It’s quite bizarre. The majority of the country, which has been fluoridated for decades with no ill effects, is just looking at us like, “What PLANET are you people from?”

  • http://twitter.com/mem_somerville mem_somerville

    Yeah, I agree–it’s all wrapped up in the vaccine-GMO-fluoride naturalistic basket of tricks.

    And yes: I know it’s unpopular to use the phrase anti-science but it is. So what that suggests to me is that their views on global warming aren’t probably science based. They probably just happen to align with their other naturalistic basket items.

    This is a problem for me. I have been pretty much excluded from the left. I don’t want to go to their meetings anymore because they are becoming so crazed on conspiracies and other nuttery. I used to be more active with them, but now I have decided to spend time on science activism instead.

    Good news in MA voting though: we are keeping the wind turbines apparently.

    • kkloor

      Well, I was being deliberately provocative with the headline to this post. I’m personally conflicted about the anti-science label, and ordinarily shy away using it, as I discussed here:

      http://blogs.discovermagazine.com/collideascape/2013/01/03/the-anti-science-tent/#.UZzNXI4-R7E

      • http://twitter.com/mem_somerville mem_somerville

        Yeah, I know, we’ve gone ’round about this more than once. Sometimes I avoid it just because the going ’round detracts from the issues. But I still think it, even if I don’t say it.

        Seems to me it’s like a religious perspective on gay people, for example. Some folks think they aren’t anti-gay, and would include a gay guy or lesbian in their congregation–assuming they aren’t, er, active. Maybe they’d get their hair cut by a gay guy. But I’ve seen this in Mormon churches. Teh gay is ok if they are celibate. And then the church works against gay marriage. And bars them from church offices and other situations.

        Are they anti-gay? I’d say yes. Despite the veneer of tolerance-with-caveats.

      • Bernie Mooney

        I think mem is right about climate change and the left. These days they’ll hitch their wagons to anyonething that fits in with their worldview or promotes their cause(s).

        But I saw this coming in the late 70s when I was a member of the Clamshell Alliance. I stopped going to local Cambridge meetings because they wanted to end each one with everyone holding hands in a circle and chanting.

        I was all politics and had no time for that mumbo jumbo. Needless to say, we didn’t get along. In fact, I think that might have planted the seeds for the eventual emergence, decades later, of the progressive contrarian. ;)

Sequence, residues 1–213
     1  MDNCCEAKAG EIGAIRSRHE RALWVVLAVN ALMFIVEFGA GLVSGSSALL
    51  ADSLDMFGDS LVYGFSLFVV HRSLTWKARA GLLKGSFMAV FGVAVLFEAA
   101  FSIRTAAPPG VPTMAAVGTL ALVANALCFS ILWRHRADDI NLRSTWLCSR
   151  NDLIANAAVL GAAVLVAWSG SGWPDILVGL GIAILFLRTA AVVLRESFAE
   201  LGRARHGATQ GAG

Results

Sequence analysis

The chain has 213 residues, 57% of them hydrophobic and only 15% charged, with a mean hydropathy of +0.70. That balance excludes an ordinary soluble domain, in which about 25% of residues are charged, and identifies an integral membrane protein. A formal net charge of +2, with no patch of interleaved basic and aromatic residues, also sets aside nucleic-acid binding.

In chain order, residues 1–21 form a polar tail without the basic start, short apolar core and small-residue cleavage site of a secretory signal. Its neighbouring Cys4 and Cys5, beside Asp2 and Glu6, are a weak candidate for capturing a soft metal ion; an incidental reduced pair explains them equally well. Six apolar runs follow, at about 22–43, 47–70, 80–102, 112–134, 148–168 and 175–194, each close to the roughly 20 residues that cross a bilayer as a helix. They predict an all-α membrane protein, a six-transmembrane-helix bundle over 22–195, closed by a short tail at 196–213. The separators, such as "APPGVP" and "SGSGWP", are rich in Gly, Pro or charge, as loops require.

• Bernie Mooney

    That commie plot idea lasted into the 60s when I was growing up. Anti-fluoride was associated with the John Birch Society.

    • JonFrum

      Precisely. When the anti-fluoride movement was associated with the Right, the (pre-environmentalist) Left rolled their eyes at the ignorance of the rubes. Now that much of the Left has aligned itself with romantic environmentalism, General Ripper’s rant about ‘precious bodily fluids’ in Dr Strangelove would fit in perfectly at any Portland farmer’s market. Quite a turnaround, no?

      • kkloor

        How do you know that the pre-environmentalist left (whoever they were) rolled their eyes? I’m also not getting your point.

        Are you just annoyed that people are pointing out the right’s lunacy on this issue as well, which by the way still exists, to some degree? The anti-fluoridation movement is by no means the sole domain of lefties–just as with the anti-vaxx and anti-GMO movements. It’s just that foodie/lefty/greenies are louder and agitate more about it.

      • Tom Scharf

        The anti-fluoridation movement here in Pinellas County was pushed by Tea party advocates mostly as a budget issue. It was enacted, and recently reversed.

        http://www.tampabay.com/news/localgovernment/tea-party-influenced-pinellas-commission-vote-to-eliminate-fluoride-in/1195449

  • Eric Lorson

    Flouride occurs naturally in water and is in many hygene products, including toothpaste and mouthwash. It may not hurt, but the benefit is in question – you need very little, and too much is actually poisonous. It is not appropriate to compare this issue to vaccine lunatics. Plus the GMO’S issue is a real and serious problem – this magazine seems to be owned by Monsanto with all the pro-GMO crap they spew.

    • Alex Johnson

      Show me one instance where GMO has hurt anyone. It really bothers me that people are so anti GMO and have no good scientific reason for being so. Just an unfounded fear of scientists messing with plant genetics. Do you realize how many lives GMO crops have saved from starvation? How many GMO crops have allowed us to weather the worst drought since the 1980’s and still produce the 8th largest corn crop in history?

    • http://pdiff.weebly.com/ Pdiff

      I second Alex’s request. I’ll add to it a request for ANY credible information on people/animals getting overdosed from fluoride water treatment, toothpaste, mouthwash, or any combination thereof. It simply is not happening.